Unfortunately, many students arrive in college writing classrooms with a more ingrained understanding― that they can’t write. Even though they effectively communicate verbally with family, peers, and employers on a daily basis, emphasis on “correct” writing has devalued not only students’ writing products, but also their language codes and social cultures (Shaughnessy 92). One can certainly see that by making a long-term goal that is seemingly both unneeded and unreachable; little motivation to succeed will result. With broad, transferable goals and deep understanding of the purpose and process of writing, hopeful teachers believe that, given the right tools, even basic writing classes can confer an acceptable level of success to each student.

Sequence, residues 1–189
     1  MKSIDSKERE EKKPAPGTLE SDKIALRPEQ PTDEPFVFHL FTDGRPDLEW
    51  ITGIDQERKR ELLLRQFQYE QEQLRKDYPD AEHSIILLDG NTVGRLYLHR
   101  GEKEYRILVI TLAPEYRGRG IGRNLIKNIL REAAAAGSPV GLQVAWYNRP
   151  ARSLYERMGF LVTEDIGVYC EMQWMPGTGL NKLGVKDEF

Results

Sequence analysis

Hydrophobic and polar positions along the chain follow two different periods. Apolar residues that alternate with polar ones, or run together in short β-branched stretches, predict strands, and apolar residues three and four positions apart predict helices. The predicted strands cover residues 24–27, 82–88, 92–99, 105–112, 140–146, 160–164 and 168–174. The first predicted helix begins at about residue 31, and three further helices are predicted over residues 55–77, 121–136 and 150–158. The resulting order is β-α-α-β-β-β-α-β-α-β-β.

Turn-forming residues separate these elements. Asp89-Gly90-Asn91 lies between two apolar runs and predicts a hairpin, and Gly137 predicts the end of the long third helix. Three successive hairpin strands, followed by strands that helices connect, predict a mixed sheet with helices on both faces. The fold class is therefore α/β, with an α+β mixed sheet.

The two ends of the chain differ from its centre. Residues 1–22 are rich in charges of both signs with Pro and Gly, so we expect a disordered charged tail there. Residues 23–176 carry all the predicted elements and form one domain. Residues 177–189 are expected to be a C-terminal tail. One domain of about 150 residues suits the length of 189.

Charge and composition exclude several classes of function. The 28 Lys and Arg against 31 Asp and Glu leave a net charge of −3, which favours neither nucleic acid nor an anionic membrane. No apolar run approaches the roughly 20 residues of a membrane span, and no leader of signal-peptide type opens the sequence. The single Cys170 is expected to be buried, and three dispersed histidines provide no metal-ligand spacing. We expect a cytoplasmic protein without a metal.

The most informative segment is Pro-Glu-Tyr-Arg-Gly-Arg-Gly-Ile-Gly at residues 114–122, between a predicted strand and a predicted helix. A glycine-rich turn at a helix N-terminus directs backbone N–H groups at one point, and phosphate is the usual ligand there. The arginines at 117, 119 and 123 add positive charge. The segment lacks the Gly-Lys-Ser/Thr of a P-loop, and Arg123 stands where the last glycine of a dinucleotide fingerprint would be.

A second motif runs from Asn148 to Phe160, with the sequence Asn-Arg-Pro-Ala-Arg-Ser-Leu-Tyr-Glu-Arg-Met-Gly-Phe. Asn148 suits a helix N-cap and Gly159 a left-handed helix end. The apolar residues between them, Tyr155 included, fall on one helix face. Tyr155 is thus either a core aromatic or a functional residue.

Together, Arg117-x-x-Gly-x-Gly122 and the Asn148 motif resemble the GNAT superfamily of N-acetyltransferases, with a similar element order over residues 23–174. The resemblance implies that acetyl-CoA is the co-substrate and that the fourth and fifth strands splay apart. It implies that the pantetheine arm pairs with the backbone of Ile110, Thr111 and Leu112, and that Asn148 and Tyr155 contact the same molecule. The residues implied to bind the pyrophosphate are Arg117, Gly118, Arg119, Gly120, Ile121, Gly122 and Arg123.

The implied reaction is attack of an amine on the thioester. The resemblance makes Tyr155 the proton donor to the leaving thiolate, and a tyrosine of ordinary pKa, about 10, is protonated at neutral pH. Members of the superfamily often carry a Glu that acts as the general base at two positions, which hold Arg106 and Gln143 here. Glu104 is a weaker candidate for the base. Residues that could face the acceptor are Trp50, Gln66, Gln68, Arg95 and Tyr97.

Knowing is the word used in Understanding by Design to identify the attainment of skills required to accomplish a task or solve a problem.  Teachers, of course, can’t guarantee that all students will become excellent writers, but they can provide the necessary tools for each student to do their best.  The basic skills needed for proficient college writing that Mina Shaughnessy discusses in her 1977 book, Errors and Expectations, including handwriting, punctuation, and spelling, are still recognized today by experts Henry Jenkins and the Carnegie Corporation as essential. Along with the basics, however, there are new technological skills, social skills and ethical frameworks that are necessary for students to function in today’s participatory culture. The long list of “how tos,” however, should be refined and prioritized to provide individual students with the power and self-confidence to participate effectively in school and life.